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Capital business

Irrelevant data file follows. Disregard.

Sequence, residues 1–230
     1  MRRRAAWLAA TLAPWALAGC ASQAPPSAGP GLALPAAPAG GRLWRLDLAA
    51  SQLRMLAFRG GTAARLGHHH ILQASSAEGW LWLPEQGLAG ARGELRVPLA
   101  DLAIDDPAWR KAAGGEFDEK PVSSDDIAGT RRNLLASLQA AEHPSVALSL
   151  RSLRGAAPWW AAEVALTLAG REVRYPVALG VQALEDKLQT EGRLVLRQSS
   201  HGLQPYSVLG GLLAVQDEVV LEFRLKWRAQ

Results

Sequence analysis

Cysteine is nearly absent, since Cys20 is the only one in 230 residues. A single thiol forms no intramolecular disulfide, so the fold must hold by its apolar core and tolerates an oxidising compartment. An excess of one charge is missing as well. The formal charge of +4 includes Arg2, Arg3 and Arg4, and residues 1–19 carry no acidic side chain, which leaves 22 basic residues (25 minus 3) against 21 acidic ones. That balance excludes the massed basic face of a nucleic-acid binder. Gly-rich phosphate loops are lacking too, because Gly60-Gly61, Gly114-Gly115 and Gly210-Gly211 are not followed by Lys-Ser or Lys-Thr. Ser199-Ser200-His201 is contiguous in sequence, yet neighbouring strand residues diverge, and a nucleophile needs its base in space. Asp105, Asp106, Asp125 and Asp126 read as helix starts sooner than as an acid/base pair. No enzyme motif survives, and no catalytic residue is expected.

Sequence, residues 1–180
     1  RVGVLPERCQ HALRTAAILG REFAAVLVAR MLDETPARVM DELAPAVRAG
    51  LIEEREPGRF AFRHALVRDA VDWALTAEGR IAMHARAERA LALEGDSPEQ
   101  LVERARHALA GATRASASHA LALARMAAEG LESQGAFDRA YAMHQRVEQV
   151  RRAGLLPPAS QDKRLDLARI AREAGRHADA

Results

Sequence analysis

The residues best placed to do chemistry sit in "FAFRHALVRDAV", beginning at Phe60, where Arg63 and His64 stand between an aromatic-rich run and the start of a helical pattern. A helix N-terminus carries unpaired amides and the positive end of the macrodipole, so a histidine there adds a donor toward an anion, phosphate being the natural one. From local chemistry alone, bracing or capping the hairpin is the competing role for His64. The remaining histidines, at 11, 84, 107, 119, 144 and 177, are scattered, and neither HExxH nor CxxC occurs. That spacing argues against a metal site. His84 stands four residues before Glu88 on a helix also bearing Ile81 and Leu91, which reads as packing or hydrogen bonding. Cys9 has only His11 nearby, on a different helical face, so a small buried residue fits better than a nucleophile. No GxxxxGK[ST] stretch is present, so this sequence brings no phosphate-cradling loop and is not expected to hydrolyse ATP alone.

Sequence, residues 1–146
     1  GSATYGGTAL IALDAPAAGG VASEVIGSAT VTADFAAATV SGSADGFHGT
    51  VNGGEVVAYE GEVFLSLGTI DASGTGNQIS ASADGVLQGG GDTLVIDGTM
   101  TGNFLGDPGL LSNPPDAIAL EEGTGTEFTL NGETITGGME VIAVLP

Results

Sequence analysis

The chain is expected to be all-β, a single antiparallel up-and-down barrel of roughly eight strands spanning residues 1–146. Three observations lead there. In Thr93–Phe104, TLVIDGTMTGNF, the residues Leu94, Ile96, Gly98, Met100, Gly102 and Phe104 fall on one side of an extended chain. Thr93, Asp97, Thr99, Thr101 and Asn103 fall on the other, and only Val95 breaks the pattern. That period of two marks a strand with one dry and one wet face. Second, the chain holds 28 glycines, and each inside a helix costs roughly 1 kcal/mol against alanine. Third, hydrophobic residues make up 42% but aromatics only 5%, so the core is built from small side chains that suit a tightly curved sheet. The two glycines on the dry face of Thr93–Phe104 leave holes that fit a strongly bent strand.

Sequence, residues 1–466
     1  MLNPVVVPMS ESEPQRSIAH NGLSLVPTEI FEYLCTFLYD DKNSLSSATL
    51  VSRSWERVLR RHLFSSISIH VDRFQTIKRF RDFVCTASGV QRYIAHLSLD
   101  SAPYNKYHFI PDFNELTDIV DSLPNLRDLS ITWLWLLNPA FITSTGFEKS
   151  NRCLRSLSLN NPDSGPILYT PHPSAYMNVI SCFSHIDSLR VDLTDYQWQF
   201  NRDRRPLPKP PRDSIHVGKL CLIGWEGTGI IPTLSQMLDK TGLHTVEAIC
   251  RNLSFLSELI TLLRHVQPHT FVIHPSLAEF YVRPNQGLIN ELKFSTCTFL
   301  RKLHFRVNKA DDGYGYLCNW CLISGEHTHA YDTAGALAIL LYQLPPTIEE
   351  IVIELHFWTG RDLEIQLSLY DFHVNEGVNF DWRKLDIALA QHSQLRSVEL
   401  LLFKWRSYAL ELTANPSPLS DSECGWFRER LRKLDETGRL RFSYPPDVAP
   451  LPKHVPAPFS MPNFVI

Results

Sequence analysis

1. 1. BUSINESS & FINANCE MAGAZINE I WWW.CAPITALBUSINESS.ME Vol 8 - Issue 9 I Capital B siness F DING HE BEST A D BRIGHTEST STANTON CHASE'S PANOS MANOLOPOULOS DISCUSS THE TRIALS OF EXECUTIVE EMPLOYMENT IN DUBAI I.D Vi - V> '-J - z ....... ==~ N - ~ - <D N - ' THE SCOPE Of LEADERSHIP ACROSS- . " . ..... - N - 0 l.D~ "".J SOfTWARE BORDERS WITH ~­ AG KELLY WATKINSN=0 ­ "THE GREAT IS DUBAIIN FOR CREW CHANGE" A NEW REAL IN OIL AND GAS ESTATE BUBBLE? o Bahrain 2.00 Dinars - Kuwait 1.800 Dinars - Lebanon 8.000 L.P - Oman 2.00 Riyals - Saudi Arabia 20.00 Riyals - UAE 20.00 Dirhams - Qatar 20.00 Riyals 00= Vl v